CNMMNCommission on New Minerals and Mineral Names (International Mineralogical Association)
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The use of diacritical marks in mineral names has been the subject of several proposals to the CNMMN, lastly in 1999 by the former member for New Zealand, Douglas Coombs.
In both cases these names were approved by the CNMMN with their diacritical marks, and they should consequently be used as such.
*G (Grandfathered) = names considered to represent valid species described before 1959; Q (Questionable) = names published before 1959 and considered not to represent valid species; N (Non-approved) = names published after 1959 without CNMMN approval.
The activities of the CNMMN, and its various recommendations for mineral nomenclature have been widely published in a substantial number of mineralogical journals over a number of years, and there is a clear need to consolidate these reports to provide an up-to-date report on the procedures currently followed by the CNMMN and to provide updated guidelines on mineral nomenclature.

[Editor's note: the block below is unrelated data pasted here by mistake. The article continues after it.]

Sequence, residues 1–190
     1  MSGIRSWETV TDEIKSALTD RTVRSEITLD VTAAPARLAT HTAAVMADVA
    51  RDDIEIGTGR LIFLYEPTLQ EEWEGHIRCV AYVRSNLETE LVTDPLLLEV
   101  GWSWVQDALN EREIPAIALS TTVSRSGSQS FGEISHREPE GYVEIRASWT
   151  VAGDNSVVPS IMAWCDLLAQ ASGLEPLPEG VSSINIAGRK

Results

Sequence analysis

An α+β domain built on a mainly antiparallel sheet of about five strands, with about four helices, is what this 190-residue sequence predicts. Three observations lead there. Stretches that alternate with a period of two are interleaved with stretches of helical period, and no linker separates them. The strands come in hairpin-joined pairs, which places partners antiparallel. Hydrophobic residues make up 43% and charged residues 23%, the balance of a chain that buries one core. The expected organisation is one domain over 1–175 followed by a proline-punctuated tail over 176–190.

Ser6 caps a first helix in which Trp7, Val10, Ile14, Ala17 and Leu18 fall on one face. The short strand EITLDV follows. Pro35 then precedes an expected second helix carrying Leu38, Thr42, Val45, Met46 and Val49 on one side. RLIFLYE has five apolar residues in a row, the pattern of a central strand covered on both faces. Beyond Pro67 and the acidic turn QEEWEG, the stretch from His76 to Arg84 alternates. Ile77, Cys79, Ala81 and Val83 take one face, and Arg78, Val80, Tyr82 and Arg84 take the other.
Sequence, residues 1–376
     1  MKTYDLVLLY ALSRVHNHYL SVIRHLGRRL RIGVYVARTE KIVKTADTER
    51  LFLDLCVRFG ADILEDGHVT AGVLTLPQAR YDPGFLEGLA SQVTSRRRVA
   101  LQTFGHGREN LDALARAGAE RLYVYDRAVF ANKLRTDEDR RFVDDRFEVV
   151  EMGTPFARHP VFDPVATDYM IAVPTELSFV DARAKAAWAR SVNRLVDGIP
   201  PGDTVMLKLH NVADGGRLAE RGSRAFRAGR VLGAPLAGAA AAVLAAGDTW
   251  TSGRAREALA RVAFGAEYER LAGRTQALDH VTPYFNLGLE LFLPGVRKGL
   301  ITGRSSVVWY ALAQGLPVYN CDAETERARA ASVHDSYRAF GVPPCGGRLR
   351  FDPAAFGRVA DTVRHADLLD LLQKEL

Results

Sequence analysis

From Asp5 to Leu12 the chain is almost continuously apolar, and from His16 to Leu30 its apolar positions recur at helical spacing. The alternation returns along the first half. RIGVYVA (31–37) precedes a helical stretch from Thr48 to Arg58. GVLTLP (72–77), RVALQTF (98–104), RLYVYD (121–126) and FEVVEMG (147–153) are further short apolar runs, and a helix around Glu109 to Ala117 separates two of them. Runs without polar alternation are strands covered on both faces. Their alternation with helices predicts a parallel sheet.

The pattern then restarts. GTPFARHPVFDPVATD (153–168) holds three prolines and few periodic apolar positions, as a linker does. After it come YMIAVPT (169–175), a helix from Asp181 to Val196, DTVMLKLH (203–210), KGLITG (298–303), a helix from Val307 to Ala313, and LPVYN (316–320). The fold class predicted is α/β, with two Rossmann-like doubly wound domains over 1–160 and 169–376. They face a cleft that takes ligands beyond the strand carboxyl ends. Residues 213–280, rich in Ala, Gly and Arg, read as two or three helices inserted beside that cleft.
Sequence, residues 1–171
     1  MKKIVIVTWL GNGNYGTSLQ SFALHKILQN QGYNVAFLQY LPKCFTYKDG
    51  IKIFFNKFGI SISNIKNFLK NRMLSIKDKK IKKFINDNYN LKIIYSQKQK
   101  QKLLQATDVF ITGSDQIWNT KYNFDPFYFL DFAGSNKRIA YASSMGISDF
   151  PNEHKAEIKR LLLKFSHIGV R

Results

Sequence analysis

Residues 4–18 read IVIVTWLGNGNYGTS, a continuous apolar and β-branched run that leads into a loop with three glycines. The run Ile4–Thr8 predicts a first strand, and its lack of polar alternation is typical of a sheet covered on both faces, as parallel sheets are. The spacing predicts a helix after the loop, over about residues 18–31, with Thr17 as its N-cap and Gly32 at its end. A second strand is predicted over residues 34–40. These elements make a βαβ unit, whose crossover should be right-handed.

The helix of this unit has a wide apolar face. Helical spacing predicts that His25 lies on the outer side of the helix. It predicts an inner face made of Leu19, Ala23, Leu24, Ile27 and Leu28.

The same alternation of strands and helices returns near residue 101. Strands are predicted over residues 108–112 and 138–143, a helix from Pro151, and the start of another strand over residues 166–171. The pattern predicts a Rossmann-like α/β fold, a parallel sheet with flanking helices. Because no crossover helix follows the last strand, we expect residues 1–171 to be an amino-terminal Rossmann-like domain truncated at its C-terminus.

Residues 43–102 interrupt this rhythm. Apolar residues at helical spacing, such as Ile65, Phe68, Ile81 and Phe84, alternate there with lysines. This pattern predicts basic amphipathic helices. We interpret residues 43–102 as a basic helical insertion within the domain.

It must be understood that the CNMMN does not wish to impose an arbitrary set of rigid rules on the mineralogical community, but rather to provide a set of coherent guidelines that provide a reasonably consistent approach to the introduction of new minerals and the application of mineral nomenclature.
However, in the past some amorphous substances (e.g., georgeite, calciouranoite) have been accepted as mineral species by the CNMMN.
However, many of the species in the list have not been characterized formally, nor have they been submitted for approval to the CNMMN.
On the other hand, although fluorocannilloite exists the hydroxyl-dominant analogue is not yet known; if it is found and approved by the CNMMN, it would receive the name cannilloite.
The species whose names are given in bold type are the equivalents of species that are known to have been formally approved or "grandfathered" by the CNMMN. Most of these were recognized in the Glossary of Mineral Species 1995.
The definition does not conform rigidly with the definition given by the CNMMN and quoted by Fleischer and Mandarino (1995): "Polytypes have been defined as substances that occur in several different structural modifications, each of which may be regarded as built up by the stacking of layers of (nearly) identical structure and composition, and with the modifications differing only in their stacking sequence." Each polytype of a species is denoted by adding a suffix to the species name.
Although the main purpose of this definition is to provide internal guidelines for the work of the CNMMN, it is hoped that it will be also generally accepted by mineralogists and other earth scientists.
The CNMMN has therefore ruled that, in the future, chemical compounds formed by the action of geological processes on anthropogenic substances cannot be considered as minerals.